Gone are the days when stakeholders only challenged organizations to raise bottom-line returns to owners and investors. Many of today’s stakeholders want businesses to be successful in profit, but also demand a response to societal issues. They are embracing the idea that a business can “do well by doing good.”1
This phenomenon is spreading as businesses not only experience pride that they are adding to society but also have noticed a spillover effect of gaining loyal customers and quality employees. One of the most popular methods that organizations are implementing is social entrepreneurship, a relatively new concept that extends the characteristics of general entrepreneurship to philanthropic efforts.
Social entrepreneurship efforts tend to be industry-specific and lean on professional practices to enact valuable changes. This feature weighs how public accounting can adopt social entrepreneurship through an analysis of two important industry stakeholders: firms and millennials.
Social entrepreneurship mobilizes ideas, capacities, resources, and arrangements required for sustainable social transformations.2
Muhammad Yunus, the 2006 Nobel Peace Prize recipient, is a pioneer of the social entrepreneurship phenomenon. Yunus founded Grameen Bank in Bangladesh, which gives the disenfranchised and poor an opportunity to access loans and financial support in order to emerge out of poverty. Historically, people who have no access to loans and no way to establish credit rarely had a chance to help themselves beyond charity. Yunus’s outside-the-lines approach to poverty illustrates what social entrepreneurship stands for: seeking to empower, not just assist.
Many companies have implemented the idea of social entrepreneurship into their business models to not only help the world around them, but also to meet the growing desire of employees to be socially active – particularly the millennial generation and those following. Thus, more organizational stakeholders are advocating for some form of social entrepreneurship.
Companies of all sizes have developed a range of systems and causes to promote. Adobe Systems, for example, has set a goal of carbon neutrality and reducing landfill-bound waste. The Walt Disney Company has a program called VoluntEARS that encourages employees to devote time to helping charities and other socially supportive organizations. The effort logged 3.4 million hours of service. Cisco has programs where the company uses its technology to help underprivileged communities grow through education and disaster relief. Cisco’s goal is to make a positive change for 1 billion people by 2025.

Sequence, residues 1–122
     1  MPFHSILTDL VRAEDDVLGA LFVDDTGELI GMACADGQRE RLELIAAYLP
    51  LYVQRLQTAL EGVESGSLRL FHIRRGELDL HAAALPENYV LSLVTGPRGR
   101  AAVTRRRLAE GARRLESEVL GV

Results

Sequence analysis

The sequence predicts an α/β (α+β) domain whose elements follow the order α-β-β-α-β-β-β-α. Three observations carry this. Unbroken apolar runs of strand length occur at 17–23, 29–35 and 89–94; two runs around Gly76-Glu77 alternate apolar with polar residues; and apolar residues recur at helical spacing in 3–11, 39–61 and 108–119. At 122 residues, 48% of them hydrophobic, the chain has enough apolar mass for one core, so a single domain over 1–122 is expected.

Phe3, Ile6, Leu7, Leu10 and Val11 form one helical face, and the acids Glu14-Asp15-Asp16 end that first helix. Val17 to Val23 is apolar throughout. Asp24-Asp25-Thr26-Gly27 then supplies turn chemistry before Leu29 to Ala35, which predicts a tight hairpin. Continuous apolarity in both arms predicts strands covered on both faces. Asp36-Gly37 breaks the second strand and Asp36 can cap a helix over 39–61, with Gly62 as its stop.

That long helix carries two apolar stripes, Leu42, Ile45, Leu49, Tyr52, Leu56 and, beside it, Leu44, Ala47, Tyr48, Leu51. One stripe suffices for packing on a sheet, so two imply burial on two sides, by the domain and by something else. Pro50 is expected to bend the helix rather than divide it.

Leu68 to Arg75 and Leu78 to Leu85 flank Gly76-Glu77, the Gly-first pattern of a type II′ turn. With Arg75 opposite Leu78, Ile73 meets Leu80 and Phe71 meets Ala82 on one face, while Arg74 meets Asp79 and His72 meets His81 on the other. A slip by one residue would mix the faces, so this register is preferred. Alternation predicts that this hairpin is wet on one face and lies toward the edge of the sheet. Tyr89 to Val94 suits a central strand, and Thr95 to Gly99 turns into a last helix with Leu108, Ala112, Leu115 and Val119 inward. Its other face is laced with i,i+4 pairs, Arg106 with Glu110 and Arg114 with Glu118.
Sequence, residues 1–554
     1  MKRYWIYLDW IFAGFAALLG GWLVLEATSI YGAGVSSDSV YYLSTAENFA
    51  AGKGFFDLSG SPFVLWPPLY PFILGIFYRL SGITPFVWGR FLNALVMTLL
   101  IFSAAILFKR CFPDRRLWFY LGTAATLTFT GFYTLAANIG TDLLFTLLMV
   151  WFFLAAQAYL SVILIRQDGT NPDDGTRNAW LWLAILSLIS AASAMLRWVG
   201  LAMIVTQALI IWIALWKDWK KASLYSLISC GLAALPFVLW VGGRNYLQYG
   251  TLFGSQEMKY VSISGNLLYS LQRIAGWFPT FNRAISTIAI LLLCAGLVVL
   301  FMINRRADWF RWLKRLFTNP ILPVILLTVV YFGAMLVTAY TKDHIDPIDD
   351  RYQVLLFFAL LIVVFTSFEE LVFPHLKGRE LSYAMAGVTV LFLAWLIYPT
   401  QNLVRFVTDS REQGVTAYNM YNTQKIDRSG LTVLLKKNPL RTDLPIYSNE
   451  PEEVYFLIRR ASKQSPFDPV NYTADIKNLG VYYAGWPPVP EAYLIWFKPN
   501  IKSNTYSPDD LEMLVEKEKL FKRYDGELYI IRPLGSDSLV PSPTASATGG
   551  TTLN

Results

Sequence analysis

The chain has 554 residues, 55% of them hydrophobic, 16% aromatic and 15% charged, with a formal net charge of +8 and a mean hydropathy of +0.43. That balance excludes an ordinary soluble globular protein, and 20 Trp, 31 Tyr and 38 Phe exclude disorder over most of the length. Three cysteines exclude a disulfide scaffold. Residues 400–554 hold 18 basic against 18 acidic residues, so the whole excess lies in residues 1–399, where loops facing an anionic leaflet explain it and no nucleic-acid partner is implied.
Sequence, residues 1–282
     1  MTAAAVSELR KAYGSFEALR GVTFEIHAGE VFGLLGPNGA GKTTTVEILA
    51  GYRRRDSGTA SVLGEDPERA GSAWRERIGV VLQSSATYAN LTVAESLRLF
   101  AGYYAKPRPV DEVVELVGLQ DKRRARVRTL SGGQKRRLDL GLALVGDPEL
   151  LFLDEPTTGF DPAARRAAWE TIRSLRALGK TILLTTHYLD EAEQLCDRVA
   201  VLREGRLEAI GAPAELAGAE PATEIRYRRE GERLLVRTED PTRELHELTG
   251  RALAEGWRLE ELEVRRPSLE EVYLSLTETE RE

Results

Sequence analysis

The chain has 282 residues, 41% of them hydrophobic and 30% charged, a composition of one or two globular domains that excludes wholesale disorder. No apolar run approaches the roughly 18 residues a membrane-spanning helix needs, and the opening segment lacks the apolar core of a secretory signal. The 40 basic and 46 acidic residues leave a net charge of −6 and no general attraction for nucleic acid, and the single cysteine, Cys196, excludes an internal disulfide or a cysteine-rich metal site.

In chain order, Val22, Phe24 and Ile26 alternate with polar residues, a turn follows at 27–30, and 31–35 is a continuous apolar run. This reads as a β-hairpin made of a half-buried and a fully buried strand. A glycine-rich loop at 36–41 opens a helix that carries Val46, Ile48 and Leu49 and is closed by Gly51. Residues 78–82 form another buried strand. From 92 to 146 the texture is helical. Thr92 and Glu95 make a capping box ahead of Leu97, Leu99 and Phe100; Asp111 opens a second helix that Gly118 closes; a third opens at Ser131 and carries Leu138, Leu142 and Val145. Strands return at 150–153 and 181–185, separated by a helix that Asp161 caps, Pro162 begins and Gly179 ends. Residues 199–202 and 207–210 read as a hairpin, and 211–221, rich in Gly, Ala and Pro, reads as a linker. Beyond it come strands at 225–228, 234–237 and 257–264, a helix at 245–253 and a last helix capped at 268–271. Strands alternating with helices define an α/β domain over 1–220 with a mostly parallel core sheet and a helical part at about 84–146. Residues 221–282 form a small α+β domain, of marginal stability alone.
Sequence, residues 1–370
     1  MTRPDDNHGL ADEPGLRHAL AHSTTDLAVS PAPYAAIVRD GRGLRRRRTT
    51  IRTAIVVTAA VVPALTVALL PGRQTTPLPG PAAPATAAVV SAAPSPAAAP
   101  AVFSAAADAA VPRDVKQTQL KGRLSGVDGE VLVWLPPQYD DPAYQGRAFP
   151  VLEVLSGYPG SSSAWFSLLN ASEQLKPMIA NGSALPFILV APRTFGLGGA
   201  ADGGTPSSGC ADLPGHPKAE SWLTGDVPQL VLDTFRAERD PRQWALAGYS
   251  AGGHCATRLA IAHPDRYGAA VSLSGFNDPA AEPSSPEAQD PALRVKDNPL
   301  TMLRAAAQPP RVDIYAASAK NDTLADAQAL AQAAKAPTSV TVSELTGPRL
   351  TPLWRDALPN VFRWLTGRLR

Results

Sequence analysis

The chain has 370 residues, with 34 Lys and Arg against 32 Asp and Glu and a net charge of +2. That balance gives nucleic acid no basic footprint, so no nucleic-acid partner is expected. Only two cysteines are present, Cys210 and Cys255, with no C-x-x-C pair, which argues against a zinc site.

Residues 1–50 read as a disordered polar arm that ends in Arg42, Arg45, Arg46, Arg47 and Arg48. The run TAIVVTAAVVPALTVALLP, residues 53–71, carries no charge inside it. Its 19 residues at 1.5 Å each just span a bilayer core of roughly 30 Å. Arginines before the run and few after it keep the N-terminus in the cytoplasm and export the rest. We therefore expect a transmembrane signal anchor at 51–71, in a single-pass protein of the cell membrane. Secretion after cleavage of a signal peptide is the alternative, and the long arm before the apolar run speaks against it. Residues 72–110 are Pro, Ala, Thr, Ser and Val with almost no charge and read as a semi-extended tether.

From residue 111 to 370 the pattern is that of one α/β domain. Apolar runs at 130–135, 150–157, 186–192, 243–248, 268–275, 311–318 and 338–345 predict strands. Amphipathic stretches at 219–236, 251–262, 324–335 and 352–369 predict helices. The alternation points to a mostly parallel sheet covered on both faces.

Social entrepreneurship also can lead to positive outcomes within an organization. According to a recent study, employees rank a company’s involvement in the community as the second-highest factor to make them stay with that company. Another critical factor is a company’s reputation with regard to social responsibility.3
When it comes to consumers, Nielson’s annual Global Corporate Sustainability Report found that “66% of consumers are willing to spend more on a product if it comes from a sustainable brand.”4
A sustainable brand is one in which the company shows it values the environment or some other social factor. When stakeholders have increased satisfaction with an organization, the organization itself benefits: employees stay at the company, consumers continue to purchase from them, and the positive image sets an industry benchmark example to others.
It also cannot be discounted that when working toward a social good people become visionaries. They become more aware of what is going on in the world around them, and they are more accountable because they acknowledge they can positively influence a tangible objective. Innovative approaches to social issues will ultimately help address problems surrounding sustainability, social responsibility, and other emergent problems.
In Public Accounting
Many accounting firms are beginning to engage in social entrepreneurship: locally, regionally, and internationally. A common goal at all three of these levels is addressing social change to empower the people and businesses around them. For example, Ernst & Young (EY) has programs devoted to empowering entrepreneurs for positive social change. It offers awards and incentives to help these programs reach their goals. Many EY employees serve as coaches for the Network for Teaching Entrepreneurship, which teaches lower-income teens about the risks of dropping out of school on how to pursue entrepreneurial goals.5